Figure 2 shows the concept and realisation of the OPNET-VSS simulator coupling. The coupling will be done by a special OPNET interface model that steers a VHDL simulation with test-patterns from the network simulation. The OPNET interface process manages the proper initialization of the VHDL System Simulator (VSS) and handles the message exchange via standard UNIX interprocess communication. In the VSS simulation a CLI-based interface module is instantiated, that receives messages from OPNET interface process. The interface module then performs signal conditioning, e.g. mapping a data structure to bit or word-level signal streams and generation of additional control signals. The response from the VHDL entity under test (EUT) are sent to the OPNET interface node and compared to the model's responses at the system level.
The simultaneous execution of OPNET and VSS is a special case of parallel distributed discrete-event (DE) simulation. A difficult problem in distributed DE simulations is the avoidance of deadlock. DE simulators manages their events via an event list that represents the event distribution over time and maintains a proper time-ordering. Events may be generated for any future time, or the current time but never for past times. Because both simulators are event-driven and therefore both have a notion of time, one has to ensure that neither of them produce events in the past of the other simulator's time basis. Therefore, communication between both simulators is based on the exchange of time-stamped messages. For each message type the CLI interface module maintains a time-stamped message queue containing at least one message that is used to determine timing windows for that VSS is allowed to advance its simulation time. The VSS interface process is also in charge for zero message insertion within these timing windows. Applying this strategy the simulated time of VSS always lags behind OPNET's simulated time. The use of a specific conservative synchronization protocol tha is based on timing windows resolves the possibility of deadlock.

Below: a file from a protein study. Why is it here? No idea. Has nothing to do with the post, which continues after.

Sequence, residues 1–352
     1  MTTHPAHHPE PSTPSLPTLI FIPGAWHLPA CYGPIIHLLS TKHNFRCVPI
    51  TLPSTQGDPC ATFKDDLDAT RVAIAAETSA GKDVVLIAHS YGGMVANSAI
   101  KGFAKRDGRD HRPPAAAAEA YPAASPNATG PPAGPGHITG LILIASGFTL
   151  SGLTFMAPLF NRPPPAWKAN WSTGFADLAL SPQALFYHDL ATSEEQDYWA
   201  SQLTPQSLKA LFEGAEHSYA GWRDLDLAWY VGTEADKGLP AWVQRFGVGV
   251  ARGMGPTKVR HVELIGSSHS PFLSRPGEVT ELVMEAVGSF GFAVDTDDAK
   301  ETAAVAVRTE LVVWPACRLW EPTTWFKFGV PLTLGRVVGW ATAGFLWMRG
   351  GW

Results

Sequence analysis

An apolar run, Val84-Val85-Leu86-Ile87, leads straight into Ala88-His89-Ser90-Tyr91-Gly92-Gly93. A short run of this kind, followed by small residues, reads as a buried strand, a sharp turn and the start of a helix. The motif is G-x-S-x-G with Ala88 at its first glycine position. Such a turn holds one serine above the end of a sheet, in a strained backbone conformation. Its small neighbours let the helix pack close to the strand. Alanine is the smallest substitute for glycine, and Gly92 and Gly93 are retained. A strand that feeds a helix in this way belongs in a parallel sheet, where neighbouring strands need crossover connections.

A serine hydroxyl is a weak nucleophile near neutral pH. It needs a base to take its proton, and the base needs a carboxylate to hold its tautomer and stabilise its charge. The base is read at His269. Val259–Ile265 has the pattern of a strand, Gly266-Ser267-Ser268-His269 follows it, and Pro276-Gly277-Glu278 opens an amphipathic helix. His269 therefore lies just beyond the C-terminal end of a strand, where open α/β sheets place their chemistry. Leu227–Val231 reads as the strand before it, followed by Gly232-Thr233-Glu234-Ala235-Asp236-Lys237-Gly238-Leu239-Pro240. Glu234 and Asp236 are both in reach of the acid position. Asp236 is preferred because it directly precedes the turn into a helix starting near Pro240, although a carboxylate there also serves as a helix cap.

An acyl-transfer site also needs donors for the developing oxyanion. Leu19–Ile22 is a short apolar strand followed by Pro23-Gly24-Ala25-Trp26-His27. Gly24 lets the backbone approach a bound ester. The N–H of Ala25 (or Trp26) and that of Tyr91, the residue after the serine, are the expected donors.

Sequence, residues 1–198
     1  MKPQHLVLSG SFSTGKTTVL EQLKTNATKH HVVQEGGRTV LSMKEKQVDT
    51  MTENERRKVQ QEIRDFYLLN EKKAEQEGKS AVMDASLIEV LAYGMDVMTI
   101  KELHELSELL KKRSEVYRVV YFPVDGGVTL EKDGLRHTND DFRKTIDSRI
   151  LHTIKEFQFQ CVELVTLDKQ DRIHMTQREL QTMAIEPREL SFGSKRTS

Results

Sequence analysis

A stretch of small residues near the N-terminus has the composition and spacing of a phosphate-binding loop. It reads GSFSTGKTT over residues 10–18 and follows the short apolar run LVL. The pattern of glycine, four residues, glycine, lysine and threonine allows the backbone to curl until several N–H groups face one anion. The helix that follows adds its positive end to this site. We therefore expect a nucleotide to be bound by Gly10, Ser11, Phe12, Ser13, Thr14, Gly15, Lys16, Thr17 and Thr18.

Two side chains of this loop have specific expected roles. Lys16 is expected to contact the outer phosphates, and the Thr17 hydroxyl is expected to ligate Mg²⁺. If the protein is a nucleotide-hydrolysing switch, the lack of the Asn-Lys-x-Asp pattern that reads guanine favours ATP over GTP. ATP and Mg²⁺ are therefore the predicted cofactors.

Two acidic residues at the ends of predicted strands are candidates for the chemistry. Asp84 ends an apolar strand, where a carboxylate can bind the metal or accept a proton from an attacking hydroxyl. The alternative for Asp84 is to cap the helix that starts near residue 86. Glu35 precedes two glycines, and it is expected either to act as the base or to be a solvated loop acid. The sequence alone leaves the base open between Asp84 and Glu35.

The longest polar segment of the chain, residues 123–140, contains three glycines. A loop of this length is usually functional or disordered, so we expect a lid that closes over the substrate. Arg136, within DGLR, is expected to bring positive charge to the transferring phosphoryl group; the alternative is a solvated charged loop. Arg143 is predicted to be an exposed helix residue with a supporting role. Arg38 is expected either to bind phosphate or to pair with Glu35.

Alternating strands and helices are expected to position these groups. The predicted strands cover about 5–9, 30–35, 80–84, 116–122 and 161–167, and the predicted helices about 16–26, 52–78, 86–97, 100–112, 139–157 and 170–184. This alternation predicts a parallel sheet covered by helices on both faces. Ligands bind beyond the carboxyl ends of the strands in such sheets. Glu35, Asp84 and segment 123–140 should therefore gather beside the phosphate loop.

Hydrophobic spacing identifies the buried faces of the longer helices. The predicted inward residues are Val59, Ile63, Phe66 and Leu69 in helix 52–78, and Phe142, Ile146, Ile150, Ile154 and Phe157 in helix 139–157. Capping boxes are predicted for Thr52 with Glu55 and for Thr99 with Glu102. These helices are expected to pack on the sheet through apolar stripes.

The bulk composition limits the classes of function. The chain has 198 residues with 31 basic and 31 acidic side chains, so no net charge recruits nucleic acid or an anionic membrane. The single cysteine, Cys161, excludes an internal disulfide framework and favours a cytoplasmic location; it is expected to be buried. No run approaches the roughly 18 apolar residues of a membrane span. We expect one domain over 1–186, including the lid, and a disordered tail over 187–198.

Another important point which has to be considered for the co-simulation of system level network simulators and implementation level HW simulators is the different granularity of time scales. Time units in network simulation can be derived from cell time, whereas the time unit in HW systems is fixed by the HW clock steering bit-level operations. Considering Asynchronous Transfer Mode (ATM) as an example application, one can identify time-periods where idle cells are inserted into the ATM cell (one cell comprises 53 octets) stream. This means that there is a ratio of 1:100 for a simulation time step in OPNET and VSS. Therefore, incorporating the HW-clock into the OPNET interface model would unnecessarily slow down the system-level simulation. In order to achieve a high simulation efficiency OPNET is chosen as master in our approach. Because zero messages are inserted at the VHDL interface model, the IPC overhead is reduced.